Help! OSHA requirements!

  1. So I will be helping to teach blood typing in a high school science class soon. There will be blood on lancets and tissues and the cards for blood typing. What is your understanding of when red biohazard bags are needed? When are they not needed in the school setting? We never used them in my previous small school for small amounts of blood on a tissue or alcohol pad. I've been searching the web and the regulations don't seem so clear to me...
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    About J-lynn

    Joined: Apr '18; Posts: 35; Likes: 57

    11 Comments

  3. by   OldDude
    I'm not sure that OSHA is applicable but I'd dispose of the lancets in a sharps container and dump the rest in the trash.
  4. by   J-lynn
    Thanks, OldDude....
  5. by   cjl_RN
    I agree with old dude. Needles in sharps.
    tissues and cards I trash unless OSHA or health department is there watching you then maybe I'd ask the head nurse if and where they keep their biohazard bags at or let her lead you what to do.
  6. by   ruby_jane
    Quote from cjl_RN
    I agree with old dude. Needles in sharps.
    tissues and cards I trash unless OSHA or health department is there watching you then maybe I'd ask the head nurse if and where they keep their biohazard bags at or let her lead you what to do.
    ^Good answer^
  7. by   LikeTheDeadSea
    My interpretation of biohazard bag use is for things that are saturated.
  8. by   grammy1
    Sanitary napkins are thrown in the trash and they have more blood than you'll deal with. I agree with sharps container and trash.
  9. by   OhioBPH
    The guidance that I always received for biohazard vs regular trash is is something is saturated with blood it goes in a red bag. Of course sharps go in sharps etc. but this was the rule for blood.
  10. by   NutmeggeRN
    I once ordered biohazard red bags for my office...what a disaster! Sent the Facilities supervisor into a tizzy because his guys didn't want to be exposed to real biohazards. My point had been to just make them more aware of the crud they might encounter. So now I just put them in the athletic bags as a reminder to toss any bandages/bloody items in them (and not bag into he bottom of the med kit)...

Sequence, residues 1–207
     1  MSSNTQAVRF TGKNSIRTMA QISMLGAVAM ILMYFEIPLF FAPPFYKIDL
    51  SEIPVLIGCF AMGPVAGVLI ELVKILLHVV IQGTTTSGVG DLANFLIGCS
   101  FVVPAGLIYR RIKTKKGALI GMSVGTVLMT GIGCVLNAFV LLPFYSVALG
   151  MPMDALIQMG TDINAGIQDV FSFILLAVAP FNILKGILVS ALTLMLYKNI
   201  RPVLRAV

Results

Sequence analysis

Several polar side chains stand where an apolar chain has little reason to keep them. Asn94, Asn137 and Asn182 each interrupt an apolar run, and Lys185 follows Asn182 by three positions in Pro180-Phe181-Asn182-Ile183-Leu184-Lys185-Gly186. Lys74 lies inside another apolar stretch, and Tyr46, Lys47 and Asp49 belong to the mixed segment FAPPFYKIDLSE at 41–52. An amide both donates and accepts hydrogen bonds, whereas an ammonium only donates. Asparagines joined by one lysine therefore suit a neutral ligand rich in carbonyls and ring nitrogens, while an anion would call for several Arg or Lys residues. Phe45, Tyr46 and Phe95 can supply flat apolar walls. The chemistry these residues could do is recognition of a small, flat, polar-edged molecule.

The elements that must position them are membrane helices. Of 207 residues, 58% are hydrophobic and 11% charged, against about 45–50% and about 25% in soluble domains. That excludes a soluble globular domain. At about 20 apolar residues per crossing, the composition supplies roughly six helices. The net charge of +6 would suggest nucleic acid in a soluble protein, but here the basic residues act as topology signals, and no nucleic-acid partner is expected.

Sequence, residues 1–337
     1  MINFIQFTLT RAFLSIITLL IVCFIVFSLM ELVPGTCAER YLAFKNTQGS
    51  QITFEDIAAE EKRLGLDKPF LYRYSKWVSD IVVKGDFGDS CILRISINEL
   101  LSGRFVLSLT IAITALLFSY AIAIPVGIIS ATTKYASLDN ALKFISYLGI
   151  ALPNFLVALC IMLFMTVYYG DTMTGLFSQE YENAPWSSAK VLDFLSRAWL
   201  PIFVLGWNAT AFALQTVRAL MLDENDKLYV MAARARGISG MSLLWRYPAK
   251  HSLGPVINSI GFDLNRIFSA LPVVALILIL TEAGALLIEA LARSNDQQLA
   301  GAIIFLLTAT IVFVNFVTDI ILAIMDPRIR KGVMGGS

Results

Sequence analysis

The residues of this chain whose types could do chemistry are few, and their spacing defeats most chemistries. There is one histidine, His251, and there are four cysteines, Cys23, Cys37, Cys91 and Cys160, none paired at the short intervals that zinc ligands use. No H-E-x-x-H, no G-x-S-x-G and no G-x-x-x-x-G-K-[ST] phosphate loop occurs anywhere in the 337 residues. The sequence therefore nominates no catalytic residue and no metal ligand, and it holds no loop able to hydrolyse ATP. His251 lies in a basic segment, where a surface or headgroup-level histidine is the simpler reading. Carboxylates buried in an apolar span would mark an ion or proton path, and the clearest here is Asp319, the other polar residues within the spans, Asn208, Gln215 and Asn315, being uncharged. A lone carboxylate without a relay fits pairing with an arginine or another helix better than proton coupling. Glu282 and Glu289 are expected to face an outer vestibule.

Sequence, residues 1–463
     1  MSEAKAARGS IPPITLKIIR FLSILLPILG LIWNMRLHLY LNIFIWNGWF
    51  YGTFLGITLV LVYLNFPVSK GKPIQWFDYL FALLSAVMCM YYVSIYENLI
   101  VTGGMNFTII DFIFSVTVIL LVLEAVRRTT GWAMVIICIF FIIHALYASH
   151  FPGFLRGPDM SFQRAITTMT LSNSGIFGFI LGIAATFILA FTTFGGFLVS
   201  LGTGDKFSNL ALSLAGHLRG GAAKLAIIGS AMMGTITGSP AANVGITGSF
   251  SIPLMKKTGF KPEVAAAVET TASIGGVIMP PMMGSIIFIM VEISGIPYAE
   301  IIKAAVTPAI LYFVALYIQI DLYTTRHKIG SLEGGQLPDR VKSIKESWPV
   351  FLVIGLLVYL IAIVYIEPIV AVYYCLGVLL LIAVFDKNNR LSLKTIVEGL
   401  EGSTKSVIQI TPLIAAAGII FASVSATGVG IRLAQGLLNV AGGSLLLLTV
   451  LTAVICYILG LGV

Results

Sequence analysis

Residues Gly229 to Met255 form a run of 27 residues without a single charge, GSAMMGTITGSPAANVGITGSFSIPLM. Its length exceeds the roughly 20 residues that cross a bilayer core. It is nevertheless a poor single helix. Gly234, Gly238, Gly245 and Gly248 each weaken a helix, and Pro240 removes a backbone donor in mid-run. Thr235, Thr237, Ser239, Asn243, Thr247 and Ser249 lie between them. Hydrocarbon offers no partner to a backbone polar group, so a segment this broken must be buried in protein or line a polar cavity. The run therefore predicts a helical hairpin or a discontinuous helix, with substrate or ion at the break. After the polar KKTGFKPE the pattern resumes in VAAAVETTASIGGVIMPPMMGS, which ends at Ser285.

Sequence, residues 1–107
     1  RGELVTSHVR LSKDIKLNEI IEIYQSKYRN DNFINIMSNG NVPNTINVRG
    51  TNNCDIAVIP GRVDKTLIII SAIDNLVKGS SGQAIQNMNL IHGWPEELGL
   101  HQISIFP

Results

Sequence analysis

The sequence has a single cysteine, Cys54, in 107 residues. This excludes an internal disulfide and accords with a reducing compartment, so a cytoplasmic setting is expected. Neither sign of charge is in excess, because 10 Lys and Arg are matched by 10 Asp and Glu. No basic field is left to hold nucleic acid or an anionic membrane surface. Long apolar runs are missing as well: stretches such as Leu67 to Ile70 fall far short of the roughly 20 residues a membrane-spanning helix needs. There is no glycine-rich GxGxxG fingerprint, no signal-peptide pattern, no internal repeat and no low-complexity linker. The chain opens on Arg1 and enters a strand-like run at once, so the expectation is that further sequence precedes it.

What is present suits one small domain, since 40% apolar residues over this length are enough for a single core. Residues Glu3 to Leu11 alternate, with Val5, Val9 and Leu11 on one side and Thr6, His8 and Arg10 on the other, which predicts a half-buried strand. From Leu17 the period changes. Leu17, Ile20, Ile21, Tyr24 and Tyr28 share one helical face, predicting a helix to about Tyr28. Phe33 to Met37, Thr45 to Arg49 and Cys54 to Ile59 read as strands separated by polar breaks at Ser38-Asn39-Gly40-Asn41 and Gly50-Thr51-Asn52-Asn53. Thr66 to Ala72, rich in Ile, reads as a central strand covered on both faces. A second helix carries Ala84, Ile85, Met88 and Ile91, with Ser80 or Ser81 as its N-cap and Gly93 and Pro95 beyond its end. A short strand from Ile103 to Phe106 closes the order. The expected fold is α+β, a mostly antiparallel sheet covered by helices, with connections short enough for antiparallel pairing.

Last edit by NutmeggeRN on May 17
  11. by   JenTheSchoolRN
    Quote from NutmeggeRN
    I once ordered biohazard red bags for my office...what a disaster! Sent the Facilities supervisor into a tizzy because his guys didn't want to be exposed to real biohazards. My point had been to just make them more aware of the crud they might encounter. So now I just put them in the athletic bags as a reminder to toss any bandages/bloody items in them (and not bag into he bottom of the med kit)...
    Same. Sometimes if something is also vomit soaked I will throw it into a bio-hazard not because I need to but they are leak proof and seal well .
  12. by   Have Nurse
    Quote from OldDude
    I'm not sure that OSHA is applicable but I'd dispose of the lancets in a sharps container and dump the rest in the trash.
    Yep! Red bags are usually reserved for bloody saturated things, or other body fluids. But if you have a small sharps container, when it gets 2/3 full, tape it closed, and red bag it for contaminated waste pick up.
  13. by   MelEpiRN
    Dunno anything about school setting but that wouldn't even qualify as "red bag" material in a hospital. Unless you can squeeze saturated blood out of something, it can go in regular trash.

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